As expected, Jolie is absolutely fantastic. She truly is the perfect Maleficent, both visually and expressively. Her evil cackle and delicious smile is infectious, and she nails every emotional beat (no matter how contrived they are). The costuming and makeup work also does an impressive job of making Jolie look straight out of the animated world. It’s a shame that the rest of the cast around her is extremely inconsistent. Copley overacts as the mad king, Fanning struggles to make Aurora even remotely interesting, and Imelda Staunton is forced to embarrass herself as one of the imbecilic fairies tasked with watching over the princess. Meanwhile, Sam Riley is a nice surprise as Maleficent’s crow companion Diaval, adding charm to a character that ultimately proves useless.

Jolie and her efforts consistently rescue Maleficent from being a complete mess, but even she can’t overcome some unforgivable writing missteps and some dangerous themes that allude to date rape and spiteful revenge. In the original Sleeping Beauty tale, Maleficent is wicked and cruel, but also strong and independent. She’s evil just for the sake of being evil, which worked especially well for that film. Here, her malicious actions are only motivated by her wronging at the hands of a man, and her inconsistent behavior throughout the film is concerning. Maleficent’s attempts to realize the potential of this iconic character are misguided at best and highly questionable at worst. Withstanding Jolie, the film feels as lethargic and drowsy as the famously cursed princess.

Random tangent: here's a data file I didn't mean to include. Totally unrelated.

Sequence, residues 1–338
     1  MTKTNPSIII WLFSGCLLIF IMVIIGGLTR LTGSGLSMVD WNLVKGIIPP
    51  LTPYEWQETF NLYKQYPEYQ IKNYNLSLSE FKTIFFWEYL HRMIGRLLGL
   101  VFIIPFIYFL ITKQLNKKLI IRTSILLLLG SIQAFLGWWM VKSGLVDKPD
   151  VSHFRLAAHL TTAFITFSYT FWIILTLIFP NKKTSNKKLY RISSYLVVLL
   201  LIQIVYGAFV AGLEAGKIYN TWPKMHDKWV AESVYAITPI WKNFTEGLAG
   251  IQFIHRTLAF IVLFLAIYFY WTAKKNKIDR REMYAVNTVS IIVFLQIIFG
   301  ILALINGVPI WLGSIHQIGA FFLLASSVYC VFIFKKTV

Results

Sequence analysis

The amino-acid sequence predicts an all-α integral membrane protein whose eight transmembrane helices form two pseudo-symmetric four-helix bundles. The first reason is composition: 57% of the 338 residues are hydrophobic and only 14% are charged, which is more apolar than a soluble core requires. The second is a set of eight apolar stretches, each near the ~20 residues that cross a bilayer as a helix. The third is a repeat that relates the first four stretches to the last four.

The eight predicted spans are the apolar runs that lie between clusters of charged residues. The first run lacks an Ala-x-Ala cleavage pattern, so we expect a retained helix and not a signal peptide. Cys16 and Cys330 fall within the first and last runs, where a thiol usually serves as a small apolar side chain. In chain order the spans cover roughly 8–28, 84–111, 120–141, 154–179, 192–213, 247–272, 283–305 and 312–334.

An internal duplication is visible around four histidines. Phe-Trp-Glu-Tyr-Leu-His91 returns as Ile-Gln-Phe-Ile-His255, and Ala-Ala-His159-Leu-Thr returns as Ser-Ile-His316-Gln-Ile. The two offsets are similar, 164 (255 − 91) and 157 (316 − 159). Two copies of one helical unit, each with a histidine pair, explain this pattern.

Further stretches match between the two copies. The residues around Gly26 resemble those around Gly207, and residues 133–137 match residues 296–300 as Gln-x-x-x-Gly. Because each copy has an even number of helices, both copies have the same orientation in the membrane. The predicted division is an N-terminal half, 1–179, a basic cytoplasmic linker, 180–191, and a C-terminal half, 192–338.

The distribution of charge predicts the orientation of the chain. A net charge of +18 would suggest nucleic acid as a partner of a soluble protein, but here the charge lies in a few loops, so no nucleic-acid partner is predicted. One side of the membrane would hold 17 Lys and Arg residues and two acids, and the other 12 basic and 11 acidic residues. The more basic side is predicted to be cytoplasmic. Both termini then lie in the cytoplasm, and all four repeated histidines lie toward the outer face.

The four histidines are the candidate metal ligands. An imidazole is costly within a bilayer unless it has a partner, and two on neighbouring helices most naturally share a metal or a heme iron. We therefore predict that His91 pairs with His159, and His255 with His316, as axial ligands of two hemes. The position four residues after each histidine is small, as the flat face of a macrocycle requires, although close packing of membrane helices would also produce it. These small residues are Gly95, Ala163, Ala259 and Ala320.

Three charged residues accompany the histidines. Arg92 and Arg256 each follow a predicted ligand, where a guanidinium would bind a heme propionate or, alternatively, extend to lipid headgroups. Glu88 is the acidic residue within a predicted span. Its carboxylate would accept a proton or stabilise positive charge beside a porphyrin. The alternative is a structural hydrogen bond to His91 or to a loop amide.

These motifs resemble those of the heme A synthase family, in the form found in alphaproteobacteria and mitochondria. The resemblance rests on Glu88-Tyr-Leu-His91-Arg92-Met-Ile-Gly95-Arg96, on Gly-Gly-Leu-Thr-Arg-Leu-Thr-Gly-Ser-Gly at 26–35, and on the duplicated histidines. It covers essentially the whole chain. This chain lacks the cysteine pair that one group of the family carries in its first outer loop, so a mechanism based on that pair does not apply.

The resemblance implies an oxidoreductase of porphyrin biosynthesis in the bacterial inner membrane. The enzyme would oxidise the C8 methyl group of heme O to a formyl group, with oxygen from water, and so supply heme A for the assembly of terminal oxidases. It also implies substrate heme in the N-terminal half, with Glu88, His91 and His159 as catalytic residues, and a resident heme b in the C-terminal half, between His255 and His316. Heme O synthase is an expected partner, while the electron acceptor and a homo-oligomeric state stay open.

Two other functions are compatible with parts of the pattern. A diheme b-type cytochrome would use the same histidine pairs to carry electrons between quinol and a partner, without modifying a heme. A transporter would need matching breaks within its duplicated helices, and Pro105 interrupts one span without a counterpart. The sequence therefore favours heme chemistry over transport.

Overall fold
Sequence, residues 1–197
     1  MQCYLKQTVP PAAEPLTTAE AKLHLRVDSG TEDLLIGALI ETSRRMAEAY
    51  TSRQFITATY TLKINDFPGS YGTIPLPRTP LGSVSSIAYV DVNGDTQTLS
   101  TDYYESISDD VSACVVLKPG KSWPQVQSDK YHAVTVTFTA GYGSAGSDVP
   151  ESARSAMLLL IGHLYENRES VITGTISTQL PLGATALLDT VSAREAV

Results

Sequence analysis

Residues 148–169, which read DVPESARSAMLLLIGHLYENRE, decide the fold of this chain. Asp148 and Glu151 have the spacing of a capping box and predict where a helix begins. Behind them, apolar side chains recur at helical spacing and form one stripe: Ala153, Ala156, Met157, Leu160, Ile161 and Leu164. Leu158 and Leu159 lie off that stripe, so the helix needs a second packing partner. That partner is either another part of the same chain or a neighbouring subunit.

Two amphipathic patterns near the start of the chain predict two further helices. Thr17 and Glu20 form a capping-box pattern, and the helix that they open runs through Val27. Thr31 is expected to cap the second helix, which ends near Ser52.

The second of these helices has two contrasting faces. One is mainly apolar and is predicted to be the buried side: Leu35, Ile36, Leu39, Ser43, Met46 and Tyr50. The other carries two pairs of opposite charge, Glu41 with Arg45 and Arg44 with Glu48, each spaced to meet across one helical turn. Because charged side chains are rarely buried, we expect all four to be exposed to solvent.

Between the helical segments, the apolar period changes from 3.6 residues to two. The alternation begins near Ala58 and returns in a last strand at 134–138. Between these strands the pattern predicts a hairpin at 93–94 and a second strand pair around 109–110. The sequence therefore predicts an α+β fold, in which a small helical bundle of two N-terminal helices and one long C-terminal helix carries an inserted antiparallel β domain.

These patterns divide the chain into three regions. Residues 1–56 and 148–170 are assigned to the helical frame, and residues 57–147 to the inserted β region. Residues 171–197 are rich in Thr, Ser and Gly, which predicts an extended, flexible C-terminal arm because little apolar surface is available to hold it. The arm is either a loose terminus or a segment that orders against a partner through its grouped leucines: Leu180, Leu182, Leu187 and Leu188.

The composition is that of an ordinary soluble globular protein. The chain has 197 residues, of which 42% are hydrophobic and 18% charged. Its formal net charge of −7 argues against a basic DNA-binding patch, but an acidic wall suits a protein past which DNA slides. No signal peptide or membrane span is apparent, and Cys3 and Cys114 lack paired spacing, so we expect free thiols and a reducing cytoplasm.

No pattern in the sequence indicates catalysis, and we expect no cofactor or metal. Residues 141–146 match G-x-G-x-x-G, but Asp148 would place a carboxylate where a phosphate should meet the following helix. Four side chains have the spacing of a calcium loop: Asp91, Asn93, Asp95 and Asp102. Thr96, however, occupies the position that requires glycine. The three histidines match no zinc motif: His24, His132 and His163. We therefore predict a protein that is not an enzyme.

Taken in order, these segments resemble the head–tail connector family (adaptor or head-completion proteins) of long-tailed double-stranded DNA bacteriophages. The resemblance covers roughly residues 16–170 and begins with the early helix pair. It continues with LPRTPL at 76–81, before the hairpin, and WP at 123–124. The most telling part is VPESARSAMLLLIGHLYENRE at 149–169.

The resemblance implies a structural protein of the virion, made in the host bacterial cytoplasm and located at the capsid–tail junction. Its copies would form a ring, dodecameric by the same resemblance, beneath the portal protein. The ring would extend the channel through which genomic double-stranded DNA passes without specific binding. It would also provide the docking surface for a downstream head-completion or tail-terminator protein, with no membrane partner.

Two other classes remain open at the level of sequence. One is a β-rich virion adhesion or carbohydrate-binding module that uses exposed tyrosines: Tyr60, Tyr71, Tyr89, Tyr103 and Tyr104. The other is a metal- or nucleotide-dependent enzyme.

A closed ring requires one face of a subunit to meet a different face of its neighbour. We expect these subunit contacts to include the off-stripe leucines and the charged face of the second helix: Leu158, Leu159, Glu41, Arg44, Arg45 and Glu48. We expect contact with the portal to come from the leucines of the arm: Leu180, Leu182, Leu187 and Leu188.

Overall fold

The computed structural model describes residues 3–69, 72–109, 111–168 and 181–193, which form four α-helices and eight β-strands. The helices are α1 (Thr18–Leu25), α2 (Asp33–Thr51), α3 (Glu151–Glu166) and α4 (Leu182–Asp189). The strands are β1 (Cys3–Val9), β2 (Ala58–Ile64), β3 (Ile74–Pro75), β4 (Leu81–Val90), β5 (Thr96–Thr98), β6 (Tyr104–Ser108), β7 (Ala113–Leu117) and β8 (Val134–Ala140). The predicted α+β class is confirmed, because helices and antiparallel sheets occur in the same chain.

maleficent 2

SHARE THIS POST

  • Facebook
  • Twitter
  • Google Buzz
  • Reddit
Author: Andrew Auger View all posts by
Andrew Auger is a student at Marist College and is majoring in Journalism. He is a huge fan of movies, and considers the late film critic Roger Ebert his idol. He hopes to one day be a prestigious film critic just like Mr. Ebert.

Leave A Response

Login with one of the buttons below to Comment


Connect with Facebook


Or click here for manual input.

* Copy This Password *

* Type Or Paste Password Here *